The figures do not show how long people have been given awards for, other than around 15,000 ongoing payments being granted to foster families and disabled people in adapted accommodation hit by the Bedroom Tax or other cuts.  They do show however that over 100,000 families were given short term help until they ‘move into alternative accommodation’.  These represent people forced out of their homes due to Welfare Reforms.  How many have had to uproot children from school and move to new cities is not recorded, and neither is whether they actually secured alternative accommodation or are now living in temporary housing.

Over 20,000 households have received DHPs due to the impact of the Benefit Cap.  This is almost half the total of families affected by the cap on Housing Benefits which makes much of London and the South East unaffordable for those out of work.  The main reason the Benefit Cap has not yet caused the exodus from London, and the expected spike in the number of homeless families, is because lots of people’s benefits haven’t actually been capped yet.  Instead housing costs are now being paid in the most complicated and precarious way possible by Local Authorities.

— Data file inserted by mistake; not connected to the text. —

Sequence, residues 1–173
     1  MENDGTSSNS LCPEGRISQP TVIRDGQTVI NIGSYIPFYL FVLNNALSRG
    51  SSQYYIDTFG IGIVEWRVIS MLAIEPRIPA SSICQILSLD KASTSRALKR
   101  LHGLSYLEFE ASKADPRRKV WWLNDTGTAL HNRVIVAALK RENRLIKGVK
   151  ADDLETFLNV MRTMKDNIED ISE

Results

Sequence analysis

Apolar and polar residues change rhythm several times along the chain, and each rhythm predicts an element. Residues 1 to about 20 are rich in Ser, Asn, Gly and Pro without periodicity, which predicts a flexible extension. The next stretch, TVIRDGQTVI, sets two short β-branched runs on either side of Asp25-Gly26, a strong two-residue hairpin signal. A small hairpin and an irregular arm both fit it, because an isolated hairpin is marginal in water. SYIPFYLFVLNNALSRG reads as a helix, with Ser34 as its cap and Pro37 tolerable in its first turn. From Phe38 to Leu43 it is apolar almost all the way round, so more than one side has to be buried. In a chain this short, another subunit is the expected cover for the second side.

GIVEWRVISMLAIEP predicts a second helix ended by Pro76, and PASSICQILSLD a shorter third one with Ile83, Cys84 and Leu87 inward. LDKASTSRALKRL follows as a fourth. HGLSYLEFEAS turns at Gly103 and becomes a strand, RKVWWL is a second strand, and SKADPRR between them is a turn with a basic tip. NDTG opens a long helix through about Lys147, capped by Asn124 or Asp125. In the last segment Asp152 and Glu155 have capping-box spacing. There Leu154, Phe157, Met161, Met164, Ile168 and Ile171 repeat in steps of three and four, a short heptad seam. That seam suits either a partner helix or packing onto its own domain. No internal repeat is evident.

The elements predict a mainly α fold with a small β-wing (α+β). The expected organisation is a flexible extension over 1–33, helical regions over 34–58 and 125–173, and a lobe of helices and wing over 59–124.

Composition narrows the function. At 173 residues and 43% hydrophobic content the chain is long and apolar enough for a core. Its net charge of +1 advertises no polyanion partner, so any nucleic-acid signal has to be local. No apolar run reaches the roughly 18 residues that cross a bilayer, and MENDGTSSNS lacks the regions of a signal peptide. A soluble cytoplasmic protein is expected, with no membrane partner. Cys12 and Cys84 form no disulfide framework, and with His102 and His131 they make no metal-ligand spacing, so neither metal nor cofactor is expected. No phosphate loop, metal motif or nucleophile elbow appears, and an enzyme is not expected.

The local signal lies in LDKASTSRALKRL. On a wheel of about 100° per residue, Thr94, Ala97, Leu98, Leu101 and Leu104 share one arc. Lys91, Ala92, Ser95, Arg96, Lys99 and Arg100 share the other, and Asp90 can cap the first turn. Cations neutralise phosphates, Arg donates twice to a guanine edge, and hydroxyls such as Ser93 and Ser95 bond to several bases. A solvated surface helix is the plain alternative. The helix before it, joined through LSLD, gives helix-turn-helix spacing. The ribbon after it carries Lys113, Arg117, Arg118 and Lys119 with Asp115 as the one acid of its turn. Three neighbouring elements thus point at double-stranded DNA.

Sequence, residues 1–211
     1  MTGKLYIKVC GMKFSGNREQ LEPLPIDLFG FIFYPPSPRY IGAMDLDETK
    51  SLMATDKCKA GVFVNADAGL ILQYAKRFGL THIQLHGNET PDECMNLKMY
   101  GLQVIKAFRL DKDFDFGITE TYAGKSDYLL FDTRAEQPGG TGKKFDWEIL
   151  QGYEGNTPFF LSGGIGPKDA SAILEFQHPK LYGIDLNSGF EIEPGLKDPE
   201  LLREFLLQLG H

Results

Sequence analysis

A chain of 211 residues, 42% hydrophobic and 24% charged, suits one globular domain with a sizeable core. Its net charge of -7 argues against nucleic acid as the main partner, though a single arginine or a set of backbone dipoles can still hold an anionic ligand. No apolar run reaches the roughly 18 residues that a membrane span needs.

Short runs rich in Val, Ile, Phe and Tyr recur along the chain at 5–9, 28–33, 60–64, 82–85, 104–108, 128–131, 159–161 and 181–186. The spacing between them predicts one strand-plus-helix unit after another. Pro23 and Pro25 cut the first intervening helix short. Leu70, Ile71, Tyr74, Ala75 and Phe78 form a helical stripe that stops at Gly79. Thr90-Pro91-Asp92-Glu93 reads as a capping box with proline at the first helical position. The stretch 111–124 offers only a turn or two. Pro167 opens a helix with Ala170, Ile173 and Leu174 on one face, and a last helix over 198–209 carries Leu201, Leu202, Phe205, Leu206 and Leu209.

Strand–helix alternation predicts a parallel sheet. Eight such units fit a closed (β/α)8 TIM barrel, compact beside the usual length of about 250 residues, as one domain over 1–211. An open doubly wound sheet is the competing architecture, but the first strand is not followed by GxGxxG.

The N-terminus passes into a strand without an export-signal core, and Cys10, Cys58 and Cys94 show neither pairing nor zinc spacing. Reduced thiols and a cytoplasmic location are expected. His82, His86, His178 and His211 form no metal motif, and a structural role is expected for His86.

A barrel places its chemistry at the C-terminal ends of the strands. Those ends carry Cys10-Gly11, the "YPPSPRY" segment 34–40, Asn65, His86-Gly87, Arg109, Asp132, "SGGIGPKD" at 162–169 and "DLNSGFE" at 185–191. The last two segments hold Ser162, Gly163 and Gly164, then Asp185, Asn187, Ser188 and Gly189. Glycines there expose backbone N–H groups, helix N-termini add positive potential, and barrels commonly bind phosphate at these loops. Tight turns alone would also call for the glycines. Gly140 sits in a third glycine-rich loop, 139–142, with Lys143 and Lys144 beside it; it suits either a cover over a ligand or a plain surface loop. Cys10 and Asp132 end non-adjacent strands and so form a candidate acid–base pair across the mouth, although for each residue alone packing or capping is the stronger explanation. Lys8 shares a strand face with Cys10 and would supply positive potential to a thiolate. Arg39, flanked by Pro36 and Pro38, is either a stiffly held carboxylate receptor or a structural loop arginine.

This makes a mockery of Iain Duncan Smith’s claim to have simplified the benefits system.  Every local authority has different rules about who and why someone can receive DHPs creating a postcode lottery for claimants.  As this week’s figures show, some Councils have massively overspent their DHP allowances, but several others have underspent.  Some twat with a clipboard now makes a decision on whether to condemn people to homelessness, based on the whims of whichever bunch of bastards happens to be running the council at the time.

One thing is for sure which is that this mess is costing a fortune.  Whilst lying bastard Lord Fraud desperately tried to mangle the figures, almost £200 million has been spent on DHPs in the last year.  That’s on top of the huge costs administering the sweeping changes to Housing Benefits which ran to approaching £50 million for the Benefit Cap alone.  This figure also does not include Housing Benefit now being paid out to people forced out of social housing due to the Bedroom Tax and into the vastly more expensive private rented sector.  And of course no-one’s really counting the cost of housing people in temporary accommodation, such as hostels or B&Bs after they have been made homeless by Housing Benefit cuts.